There are right ways to deal with your debts, and there are wrong ways. It's important to avoid handling a debt situation in ways that will make things worse. Going about it the wrong way could make it harder to pay off what you owe and have even more negative impact on your credit rating. So here are some of the wrong ways to deal with your debts …
1. Ignore Them
One of the worst ways to deal with your debts is to put your head in the sand and pretend you don't have a problem. Debts don't simply go away if you ignore them. The interest will continue to accumulate and you could face legal action. You must acknowledge the seriousness of the situation, or your financial future could be wrecked.
2. Run Away
Some people think that by moving they can leave their debts behind them. Not so. Creditors won't just give up and write the debt off. The chances are pretty high that they will catch up with you at some point. Some companies sell the debt on, and the new 'owner' of the debt will be pretty tenacious in pursuing you for the money you owe.
3. Borrow to 'Pay off'
Have you heard of the phrase 'robbing Peter to pay Paul'? Consolidating your debts can make sense under some circumstances. This means taking one loan to pay off all the others, so that you only owe one creditor. However, this should only be done as part of a sensible plan to pay off your debts. Don't just take out another credit card to pay off others - this will only mean that you end up in greater debt.
4. Keep Spending
If you can't see how you're going to get out of debt it can be tempting to abandon the attempt and just keep on spending. After all, if you're going to be in debt anyway you might as well throw caution to the winds, right? Wrong! People have cleared huge debts that seemed impossible to deal with. Don't keep spending and make the situation even worse than it already is.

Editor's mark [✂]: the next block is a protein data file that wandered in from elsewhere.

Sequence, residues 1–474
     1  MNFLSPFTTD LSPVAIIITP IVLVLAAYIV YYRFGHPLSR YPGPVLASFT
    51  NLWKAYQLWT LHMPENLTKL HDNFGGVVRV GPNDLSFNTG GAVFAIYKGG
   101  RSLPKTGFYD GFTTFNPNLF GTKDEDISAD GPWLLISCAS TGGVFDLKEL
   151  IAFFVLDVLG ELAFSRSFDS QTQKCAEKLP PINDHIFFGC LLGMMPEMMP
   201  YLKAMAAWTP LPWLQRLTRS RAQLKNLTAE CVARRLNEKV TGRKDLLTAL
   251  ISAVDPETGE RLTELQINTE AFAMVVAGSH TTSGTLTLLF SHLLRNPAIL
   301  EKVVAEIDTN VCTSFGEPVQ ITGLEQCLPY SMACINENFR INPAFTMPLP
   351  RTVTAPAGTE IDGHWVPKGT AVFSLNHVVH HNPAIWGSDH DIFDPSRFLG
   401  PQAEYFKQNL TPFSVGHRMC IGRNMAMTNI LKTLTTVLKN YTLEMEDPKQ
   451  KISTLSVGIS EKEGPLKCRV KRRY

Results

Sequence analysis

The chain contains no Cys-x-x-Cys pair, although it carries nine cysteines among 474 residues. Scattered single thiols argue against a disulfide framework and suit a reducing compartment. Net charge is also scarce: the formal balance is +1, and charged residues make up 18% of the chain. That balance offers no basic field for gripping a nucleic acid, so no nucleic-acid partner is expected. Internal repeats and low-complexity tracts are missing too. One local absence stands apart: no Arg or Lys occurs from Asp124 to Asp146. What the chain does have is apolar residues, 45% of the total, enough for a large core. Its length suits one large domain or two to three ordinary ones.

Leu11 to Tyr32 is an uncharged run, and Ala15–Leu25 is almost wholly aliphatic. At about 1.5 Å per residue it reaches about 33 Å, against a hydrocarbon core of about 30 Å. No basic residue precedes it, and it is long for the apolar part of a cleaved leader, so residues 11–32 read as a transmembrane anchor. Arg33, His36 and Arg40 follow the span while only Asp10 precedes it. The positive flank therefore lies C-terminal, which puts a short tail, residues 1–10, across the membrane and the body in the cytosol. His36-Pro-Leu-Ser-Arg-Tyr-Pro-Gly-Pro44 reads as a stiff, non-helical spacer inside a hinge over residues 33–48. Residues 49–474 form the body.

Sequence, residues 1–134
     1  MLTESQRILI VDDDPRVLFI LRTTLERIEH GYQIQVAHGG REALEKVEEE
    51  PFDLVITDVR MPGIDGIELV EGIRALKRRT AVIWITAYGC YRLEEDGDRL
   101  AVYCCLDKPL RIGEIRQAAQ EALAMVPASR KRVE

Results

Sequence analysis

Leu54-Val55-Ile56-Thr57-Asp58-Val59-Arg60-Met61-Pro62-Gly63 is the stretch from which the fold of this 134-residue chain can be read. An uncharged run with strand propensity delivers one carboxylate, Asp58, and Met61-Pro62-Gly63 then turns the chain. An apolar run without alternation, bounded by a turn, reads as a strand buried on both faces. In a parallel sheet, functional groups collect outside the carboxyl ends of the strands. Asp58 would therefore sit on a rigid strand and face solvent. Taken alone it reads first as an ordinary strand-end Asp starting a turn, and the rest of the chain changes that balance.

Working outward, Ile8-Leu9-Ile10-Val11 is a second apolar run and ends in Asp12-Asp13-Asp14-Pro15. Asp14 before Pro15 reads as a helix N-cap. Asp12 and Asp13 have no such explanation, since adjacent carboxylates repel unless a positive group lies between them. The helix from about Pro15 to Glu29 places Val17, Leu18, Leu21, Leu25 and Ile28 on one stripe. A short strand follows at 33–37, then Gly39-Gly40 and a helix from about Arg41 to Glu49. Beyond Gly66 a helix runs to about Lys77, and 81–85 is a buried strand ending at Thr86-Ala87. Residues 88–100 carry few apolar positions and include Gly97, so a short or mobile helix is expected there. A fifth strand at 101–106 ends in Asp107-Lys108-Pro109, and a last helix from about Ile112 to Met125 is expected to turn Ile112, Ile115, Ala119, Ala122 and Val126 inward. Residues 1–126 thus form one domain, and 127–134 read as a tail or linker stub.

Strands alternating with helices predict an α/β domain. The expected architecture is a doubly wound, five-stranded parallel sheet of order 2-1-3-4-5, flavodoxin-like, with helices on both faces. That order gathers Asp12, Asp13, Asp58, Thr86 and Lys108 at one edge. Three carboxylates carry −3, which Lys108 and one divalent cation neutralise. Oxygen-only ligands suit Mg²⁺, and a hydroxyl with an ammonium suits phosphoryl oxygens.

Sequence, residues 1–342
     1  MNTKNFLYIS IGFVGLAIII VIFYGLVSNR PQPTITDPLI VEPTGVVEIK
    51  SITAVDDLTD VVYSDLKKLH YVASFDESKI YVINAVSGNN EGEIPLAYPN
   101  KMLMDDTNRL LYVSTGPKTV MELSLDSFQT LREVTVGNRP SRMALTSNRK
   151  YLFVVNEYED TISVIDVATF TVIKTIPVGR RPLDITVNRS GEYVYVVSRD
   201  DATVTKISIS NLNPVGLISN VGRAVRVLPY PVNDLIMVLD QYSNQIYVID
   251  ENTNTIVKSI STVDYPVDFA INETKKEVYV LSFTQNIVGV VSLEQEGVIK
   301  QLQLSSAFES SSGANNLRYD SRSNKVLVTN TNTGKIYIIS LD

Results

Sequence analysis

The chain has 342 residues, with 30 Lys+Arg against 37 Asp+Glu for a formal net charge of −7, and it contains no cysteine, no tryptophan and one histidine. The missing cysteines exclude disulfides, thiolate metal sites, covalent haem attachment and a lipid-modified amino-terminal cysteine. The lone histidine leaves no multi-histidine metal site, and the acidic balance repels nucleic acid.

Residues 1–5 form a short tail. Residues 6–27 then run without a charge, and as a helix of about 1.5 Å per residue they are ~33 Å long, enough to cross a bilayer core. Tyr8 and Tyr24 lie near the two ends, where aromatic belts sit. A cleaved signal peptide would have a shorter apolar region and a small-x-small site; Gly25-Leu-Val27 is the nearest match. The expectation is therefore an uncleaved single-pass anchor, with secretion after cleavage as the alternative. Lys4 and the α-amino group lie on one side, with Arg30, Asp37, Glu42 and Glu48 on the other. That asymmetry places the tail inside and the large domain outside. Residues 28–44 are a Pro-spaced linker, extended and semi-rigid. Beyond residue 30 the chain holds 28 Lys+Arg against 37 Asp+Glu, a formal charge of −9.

5. No Plan
A common mistake with debts is to fail to make a plan on how to tackle them. Vaguely throwing a few dollars at a credit card balance or loan isn't going to clear the debt. You need a proper plan to tackle the debts in the right order and work to a schedule. This also helps psychologically, as you can see the debt slowly but surely reducing.
6. Fail to Negotiate
People to whom you owe money are generally fairly accommodating if you talk to them and show that you intend to pay off the debt. They may freeze the interest or, on larger debts, accept a smaller amount as a final settlement (on the principle that something is better than nothing). So if you fail to negotiate with them, you may miss the chance to reduce your debt.
7. Not Changing Spending Habits
Finally, one of the worst mistakes with debt is to fail to change your spending habits. It's time to accept that you have to 'cut your cloth'. Whether spending or circumstances got you into this mess, you need to lose your shopping habit and cut your expenditure right down.
However gloomy the situation seems, it is possible to pay off debts completely and start afresh. But you must take control and seek help. Have you ever got into debt something silly?